Early on in the renovation we had removed some outlets and switches to make way for floor framing and wall demolition, so first we needed to map out the circuits. We did this by a combination of flipping on a circuit and testing wires, outlets, and switches with our handy voltage tester. Once we determined what the bathroom and neighboring kitchen and dining room circuit components were, we were ready to figure out an electrical configuration for the bathroom.
We decided we only need 2 outlets in there. Those would be for guests with bathroom machines, because all of our bathroom devices are old fashioned, I guess. In fact, I can't remember the last thing I ever plugged into a bathroom wall. Oh yeah, it was a phone charger in a campground bathroom in Ohio, about 2 seconds before a bolt of lightning struck 20 feet from me. How ironic. Anyway, we want the light switch for the overhead light to be right inside the door, and a switch for the light above the sink on another wall.
We ran new wire, re-routed old wire, bored holes in frames, and temporarily taped switch boxes in place. I spent about 30 minutes trying to feed a wire through a round-the-corner set of holes that must have been drilled before the old post was assembled. Two leads were run up to where the light fixtures will eventually be installed. It was pretty cool when we tested everything out with the voltage detector and it all worked!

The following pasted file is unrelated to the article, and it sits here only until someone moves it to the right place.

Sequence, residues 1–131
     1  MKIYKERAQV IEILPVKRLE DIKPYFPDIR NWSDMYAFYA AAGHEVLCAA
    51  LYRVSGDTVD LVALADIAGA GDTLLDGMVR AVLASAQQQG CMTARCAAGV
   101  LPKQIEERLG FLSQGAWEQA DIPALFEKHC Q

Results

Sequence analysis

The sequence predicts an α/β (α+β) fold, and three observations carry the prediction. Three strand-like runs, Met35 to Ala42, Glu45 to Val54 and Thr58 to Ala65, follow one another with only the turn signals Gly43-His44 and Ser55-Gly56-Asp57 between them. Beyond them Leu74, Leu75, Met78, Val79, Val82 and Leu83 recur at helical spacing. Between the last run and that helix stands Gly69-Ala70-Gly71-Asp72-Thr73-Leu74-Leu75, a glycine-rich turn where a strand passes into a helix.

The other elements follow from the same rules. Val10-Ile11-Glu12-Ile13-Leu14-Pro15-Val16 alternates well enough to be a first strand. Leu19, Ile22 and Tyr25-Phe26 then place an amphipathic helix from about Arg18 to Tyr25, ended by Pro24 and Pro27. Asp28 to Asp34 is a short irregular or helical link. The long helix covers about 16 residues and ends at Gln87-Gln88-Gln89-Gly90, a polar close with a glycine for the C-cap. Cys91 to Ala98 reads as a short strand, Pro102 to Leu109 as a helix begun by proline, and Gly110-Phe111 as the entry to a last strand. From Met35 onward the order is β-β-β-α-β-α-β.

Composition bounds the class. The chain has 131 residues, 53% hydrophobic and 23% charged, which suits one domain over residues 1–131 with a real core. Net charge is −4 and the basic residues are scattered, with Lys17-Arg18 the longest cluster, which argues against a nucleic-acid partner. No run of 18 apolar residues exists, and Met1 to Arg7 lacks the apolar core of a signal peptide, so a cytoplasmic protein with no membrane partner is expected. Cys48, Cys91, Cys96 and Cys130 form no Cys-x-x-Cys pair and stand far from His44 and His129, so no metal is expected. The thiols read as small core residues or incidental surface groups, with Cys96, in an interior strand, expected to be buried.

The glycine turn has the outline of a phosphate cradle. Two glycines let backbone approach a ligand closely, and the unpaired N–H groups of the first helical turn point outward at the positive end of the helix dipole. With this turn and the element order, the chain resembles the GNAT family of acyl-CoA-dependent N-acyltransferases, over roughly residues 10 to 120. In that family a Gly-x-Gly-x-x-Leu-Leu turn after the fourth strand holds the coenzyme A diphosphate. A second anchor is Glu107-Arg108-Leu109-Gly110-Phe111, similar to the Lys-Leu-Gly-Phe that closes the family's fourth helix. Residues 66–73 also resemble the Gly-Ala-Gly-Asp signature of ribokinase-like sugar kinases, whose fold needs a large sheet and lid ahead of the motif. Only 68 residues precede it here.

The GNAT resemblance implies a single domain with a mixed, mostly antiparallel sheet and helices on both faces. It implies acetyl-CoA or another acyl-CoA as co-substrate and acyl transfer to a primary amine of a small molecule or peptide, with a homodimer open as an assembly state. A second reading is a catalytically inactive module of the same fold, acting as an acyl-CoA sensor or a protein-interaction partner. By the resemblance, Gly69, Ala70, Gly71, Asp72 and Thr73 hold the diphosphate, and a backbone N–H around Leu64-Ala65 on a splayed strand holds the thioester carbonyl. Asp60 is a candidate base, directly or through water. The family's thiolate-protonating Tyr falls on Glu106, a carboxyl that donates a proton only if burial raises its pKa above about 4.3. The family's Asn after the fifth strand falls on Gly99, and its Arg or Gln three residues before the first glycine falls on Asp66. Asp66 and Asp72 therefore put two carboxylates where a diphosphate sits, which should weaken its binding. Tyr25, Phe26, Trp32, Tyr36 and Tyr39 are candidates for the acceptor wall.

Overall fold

Lastly, we disassembled an old wall-mounted light and reassembled it as a hanging fixture. Erika wired up a junction box and nailed it to a 2x4 that she then placed across two ceiling joists. She wired our little lamp up to it, then we turned the power back on. Flipped the bathroom switch and on came the light! We turned it on and off a few times, giggling.
Since part of the bathroom circuit included a couple of outlets in the dining room, we removed them and joined the wires together in a junction box so now the bathroom is completely on its own circuit. We identified a wire that is the start of its own circuit, but goes to nowhere (used to go to an outlet). We'll use this to power the dining room. Finally, we tied up a dead-end wire that was left hanging (powerless, of course) after the kitchen wall demo. We made it "safe," put some bulbs in the kitchen overheads, and returned power to that part of the kitchen, for the first time in almost a month.
The day was gray and rainy and we drank coffee, had delicious pastries from down the road, and kept WTJU's Rock Marathon turned up the whole time.